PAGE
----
Not just the rasgulla. Here are other food items we Indians love to fight over
A roshogolla from any other state does not taste just as sweet.
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The controversy on who invented the rasgulla — Odisha or Bengal — has erupted once again, and this time, under rather unfortunate circumstances.
Shorn of regional identity markers, though, the debate could be comparable to the one over deciding which came first — the luchi or the puri.
Luchi, the favourite of all Bengalis (the Assamese call it luci), is made with maida or refined flour. At breakfast, it is had with alurdom or ghoogni. On Sundays and on birthdays, with kosha mangsho. At one’s granny’s place, with shaada alur torkari, a potato stew whose core hinges on the use of just kalo jeere (Nigella seeds) for tempering. And in the tiffin that your mom might have packed for you to school, college or work, with roshogolla. At times, just with sugar sprinkled on it. Or even mishti doi.
Of plates and palates: There is a world of difference between luchi alurdom and poori alu. (Photo: DailyO)
Puri, on the other hand, is made with aata or whole wheat flour. It is popular across India — north, west, even the south…except in the luchi lands of the east. Puris can be of different sizes and textures. In the north, it is had with alu ki sabzi. On Ashtami, with halva and puri. In the south, with a vegetable korma. In the west, with alu ki sabzi — sukhi or geeli — or with shreekhand or aamras.
How is this discussion on luchis and puris moot to the topic, you ask?
Well, just as the two — luchis and puris — are different, so are the rasgullas of Bengal and Odisha.
The roshogolla, as we call it back home in Bengal, is spongy in texture, white in colour, and usually hollow at the core.
The Bengali roshogolla is white, spongy and hollow. (Photo: India Today)
The pahala rosgola in Odisha, from what I gather from social media posts and picture uploads, has a denser texture, is not spongy, and has a more earthy colour.
One is from Bengal and the other from Odisha.
And each has its own unique characteer and offers a completely different taste and sensorial experience.
The pahala rosgola of Odisha has a denser texture and a more earthy colour. (Photo: PTI/file)
Of course, one can argue that food is about emotion, and these facts do not matter. But in this case, they do.
What is wrong with you Bengalis and Odiyas, I was asked recently. Why have you guys made rasgulla the most controversial dish in India?
Well, it is not!
A food writer friend of mine had once written about her favourite dosa joints in Bangalore on a website — and was then pilloried by folks in Chennai about how these are not a patch on what one gets in Chennai. The website editor was happy with the controversy as that meant more hits, but the fact of the matter is that the dosa available in both cities is rather different. The Bangalore ones are my favourite, thanks to their crunchy texture.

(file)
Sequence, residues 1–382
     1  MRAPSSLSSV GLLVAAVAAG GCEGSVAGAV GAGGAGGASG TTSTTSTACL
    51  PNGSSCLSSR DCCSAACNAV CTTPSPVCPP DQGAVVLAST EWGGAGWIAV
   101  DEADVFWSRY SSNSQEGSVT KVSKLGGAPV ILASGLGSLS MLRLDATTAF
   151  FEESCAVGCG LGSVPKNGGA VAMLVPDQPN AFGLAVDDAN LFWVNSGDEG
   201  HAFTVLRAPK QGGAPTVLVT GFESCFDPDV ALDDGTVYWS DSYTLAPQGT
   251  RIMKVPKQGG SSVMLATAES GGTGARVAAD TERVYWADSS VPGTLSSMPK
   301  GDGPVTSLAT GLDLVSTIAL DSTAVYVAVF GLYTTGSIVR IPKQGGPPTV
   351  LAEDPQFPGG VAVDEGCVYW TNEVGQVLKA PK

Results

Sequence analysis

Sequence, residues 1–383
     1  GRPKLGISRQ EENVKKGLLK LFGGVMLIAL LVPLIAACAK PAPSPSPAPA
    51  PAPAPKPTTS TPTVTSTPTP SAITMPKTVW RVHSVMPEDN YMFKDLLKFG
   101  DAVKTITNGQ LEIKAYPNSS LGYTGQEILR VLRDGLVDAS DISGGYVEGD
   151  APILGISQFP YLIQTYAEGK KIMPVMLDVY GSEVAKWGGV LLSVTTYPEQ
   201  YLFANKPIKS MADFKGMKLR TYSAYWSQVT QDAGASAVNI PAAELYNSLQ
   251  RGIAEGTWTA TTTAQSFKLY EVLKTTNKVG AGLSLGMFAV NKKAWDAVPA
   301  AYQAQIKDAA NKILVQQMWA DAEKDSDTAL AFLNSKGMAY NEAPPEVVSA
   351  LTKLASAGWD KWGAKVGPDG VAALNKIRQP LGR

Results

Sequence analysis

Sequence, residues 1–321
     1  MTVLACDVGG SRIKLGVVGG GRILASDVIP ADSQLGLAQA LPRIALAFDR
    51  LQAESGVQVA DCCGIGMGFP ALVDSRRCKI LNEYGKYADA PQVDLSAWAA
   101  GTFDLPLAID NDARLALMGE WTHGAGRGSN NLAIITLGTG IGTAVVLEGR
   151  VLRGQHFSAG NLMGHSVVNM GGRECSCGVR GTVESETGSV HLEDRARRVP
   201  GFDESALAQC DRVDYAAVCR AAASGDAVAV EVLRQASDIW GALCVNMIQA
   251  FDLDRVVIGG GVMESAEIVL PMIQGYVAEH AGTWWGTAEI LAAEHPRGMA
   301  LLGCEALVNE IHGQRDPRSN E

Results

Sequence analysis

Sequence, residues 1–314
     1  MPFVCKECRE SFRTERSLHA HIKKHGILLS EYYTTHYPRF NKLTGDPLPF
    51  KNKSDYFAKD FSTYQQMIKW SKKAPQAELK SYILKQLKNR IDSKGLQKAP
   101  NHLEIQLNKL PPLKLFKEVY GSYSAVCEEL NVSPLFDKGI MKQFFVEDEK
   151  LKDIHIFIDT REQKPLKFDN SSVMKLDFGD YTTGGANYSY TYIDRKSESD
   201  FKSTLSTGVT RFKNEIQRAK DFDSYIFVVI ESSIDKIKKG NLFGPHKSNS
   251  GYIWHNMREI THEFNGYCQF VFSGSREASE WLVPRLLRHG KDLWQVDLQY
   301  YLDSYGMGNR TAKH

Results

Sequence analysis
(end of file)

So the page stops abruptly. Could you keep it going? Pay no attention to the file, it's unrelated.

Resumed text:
Or ask food bloggers who share sambar recipes and get bombarded by a million comments on why they are wrong. ‘My grandmother adds jaggery’, ‘my mother adds drumstick’, ‘my priest doesn’t add pearl onion’, ‘that is not the Brahmin sambhar’ — the opinions keep flying in, till the hapless blogger disables comments.
Or ask the TV show producer who made a documentary on curries and got lambasted for suggesting that curries were an Indian dish and not a symbol of colonial oppression — followed by an even more nuanced discussion on whether the dishes shown in the show are curries in the first place!
Try telling a Hyderabadi that you prefer the biryani of Lucknow or Kolkata, and be prepared to be not indulged. ‘Humbug, that’s a pulao and not a biryani,’ they will say, and dismiss you without a second thought.
Never the twain shall meet: There are sharp divisions between fans of the Chennai dosa and the Bangalore dosa. (Photo: DailyO)
Did you know that while Hyderabadis dominate all discussions on biryani on social media, there are actually many other varieties of biryani in the south — for starters, Moplah in Kerala, Dindigul and Ambur in Chennai. Even Hyderabad has moved on currently to the more Arab-originated Mandi rice.
You still think that the rasgulla evokes the highest controversy?
Try saying that you like the Alphonso mango on social media, as I once did.
The Gujaratis and the Maharashtrians fought over where you get better ones. The UP-ites then took over and said the langda was king. “How can you turn your back to the poetry of the himsagar,” my fellow Bengalis wrote in, with the sense of passive aggression that defines us. The Goans and those from south Indian states wryly smiled and continued to eat their myriad local mangoes, not even bothering to comment in public.
Yes, we Indians are passionate about our food.
That is what leads to the richness and variety of it.
And that’s why we fight about it.
When things get out of hand, though, it might be worth telling oneself that opening one’s mind and heart to this diversity can only lead to many more fantastic meals, experiences and friendships.
Something to chew on.
As for me, this entire rasgulla affair has evoked just one emotion. The desire to go to Odisha to try the pahala rosgola. And the chhena poda, while I am at it.